There are many risks in college to a person with diabetes - the biggest of which are alcohol and no adult supervision. Low blood sugars make people seem drunk at times and most other new or not-quite-there adults rarely appreciate the reality that their friend may be in trouble and that's why he/she seems groggy or is passed out. I don't write this to scare you but I knew several other people with diabetes and this experience was pretty universal. That being said, the Dexcom will be your son's lifeline 99% of the time.

Yes, it can be a bit of a pain figuring out how to get it to work and there is definitely a learning curve. BUT - the learning curve is typically 3 months - and that gives you more than enough time for him to figure it out before taking the next step. Moreover, its not that difficult to manage (I started in my 3rd year. . . the most difficult year. . .of medical school). I have no reservations about recommending that you, along with all other parents of soon-to-be or current college students with diabetes . . . CGM can make a huge difference. Not only will your son be in charge of his own schedule, eating, exercise, life, but when he wants to come visit you, an unrecognized low can be devastating. The number one cause of death for a young diabetic older than 16 is automobile accident. The Dexcom can help tremendously - check the number as he drives then pull over if it alerts.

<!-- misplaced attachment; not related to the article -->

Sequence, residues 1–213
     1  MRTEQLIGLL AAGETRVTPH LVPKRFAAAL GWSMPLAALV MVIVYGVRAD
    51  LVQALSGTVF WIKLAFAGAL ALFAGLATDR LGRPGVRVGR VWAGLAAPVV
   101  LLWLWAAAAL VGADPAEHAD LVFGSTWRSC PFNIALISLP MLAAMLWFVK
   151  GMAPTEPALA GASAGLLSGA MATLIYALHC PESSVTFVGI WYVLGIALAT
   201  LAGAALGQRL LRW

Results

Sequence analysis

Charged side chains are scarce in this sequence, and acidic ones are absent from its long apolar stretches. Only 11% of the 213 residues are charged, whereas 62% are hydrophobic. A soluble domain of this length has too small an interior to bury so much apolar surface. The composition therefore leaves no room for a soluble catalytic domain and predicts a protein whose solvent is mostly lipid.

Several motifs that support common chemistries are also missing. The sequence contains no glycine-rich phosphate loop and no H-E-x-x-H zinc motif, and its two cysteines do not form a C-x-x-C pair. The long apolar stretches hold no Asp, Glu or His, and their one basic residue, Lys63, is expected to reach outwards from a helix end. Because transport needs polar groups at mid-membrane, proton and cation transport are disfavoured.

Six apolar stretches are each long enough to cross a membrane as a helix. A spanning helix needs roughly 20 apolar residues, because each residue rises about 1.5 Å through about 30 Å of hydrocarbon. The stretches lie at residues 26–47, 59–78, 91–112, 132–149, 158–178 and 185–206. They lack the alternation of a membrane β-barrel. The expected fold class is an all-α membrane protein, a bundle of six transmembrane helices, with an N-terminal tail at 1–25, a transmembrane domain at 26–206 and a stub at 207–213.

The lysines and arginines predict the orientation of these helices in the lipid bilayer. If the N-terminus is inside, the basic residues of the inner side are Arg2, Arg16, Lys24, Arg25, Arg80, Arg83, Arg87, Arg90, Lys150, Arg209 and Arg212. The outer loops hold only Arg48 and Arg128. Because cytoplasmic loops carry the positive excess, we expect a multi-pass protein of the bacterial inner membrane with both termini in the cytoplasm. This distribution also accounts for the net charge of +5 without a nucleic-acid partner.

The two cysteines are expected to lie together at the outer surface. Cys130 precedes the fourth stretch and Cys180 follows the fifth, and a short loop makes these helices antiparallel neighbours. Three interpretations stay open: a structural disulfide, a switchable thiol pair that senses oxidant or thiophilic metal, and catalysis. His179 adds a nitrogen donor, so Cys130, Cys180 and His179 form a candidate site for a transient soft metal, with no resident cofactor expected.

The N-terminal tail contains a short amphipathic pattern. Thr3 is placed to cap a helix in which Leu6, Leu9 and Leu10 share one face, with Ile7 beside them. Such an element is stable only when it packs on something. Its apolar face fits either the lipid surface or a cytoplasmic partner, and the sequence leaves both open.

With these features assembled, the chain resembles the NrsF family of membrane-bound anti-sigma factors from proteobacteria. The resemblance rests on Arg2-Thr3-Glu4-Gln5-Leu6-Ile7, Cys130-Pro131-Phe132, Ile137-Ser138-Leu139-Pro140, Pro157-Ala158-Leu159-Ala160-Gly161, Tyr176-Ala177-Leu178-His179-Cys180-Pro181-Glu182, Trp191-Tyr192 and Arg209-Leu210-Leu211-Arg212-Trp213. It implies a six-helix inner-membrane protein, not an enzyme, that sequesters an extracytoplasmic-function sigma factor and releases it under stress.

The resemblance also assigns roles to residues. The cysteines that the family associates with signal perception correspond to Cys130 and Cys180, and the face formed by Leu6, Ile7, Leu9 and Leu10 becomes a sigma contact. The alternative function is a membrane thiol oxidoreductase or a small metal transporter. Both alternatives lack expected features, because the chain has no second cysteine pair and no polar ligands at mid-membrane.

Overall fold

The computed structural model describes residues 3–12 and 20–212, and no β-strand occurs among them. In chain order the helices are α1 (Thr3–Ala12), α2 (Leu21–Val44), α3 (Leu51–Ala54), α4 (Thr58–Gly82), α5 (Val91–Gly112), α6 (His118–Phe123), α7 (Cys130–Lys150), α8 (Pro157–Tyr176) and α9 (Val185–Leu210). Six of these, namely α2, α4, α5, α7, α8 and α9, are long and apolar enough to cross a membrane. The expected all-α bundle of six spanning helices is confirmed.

Bottom line - I highly recommend that you take the plunge now. As parents, we can't find enough safety nets and I know that this might also give you some peace of mind. Furthermore, I would encourage that you look at Animas Ping for your replacement pump ($200 if your insurance doesn't cover it - you just have to return you Cozmo to them) since there will be an integrated system to which you can upgrade in the near future. I think this can make a tremendous difference and strongly feel that every endo should be prescribing CGM for the new collegiate diabetics. Feel free to ask any other questions you may have - about Dexcom, college with diabetes, etc.

Hayley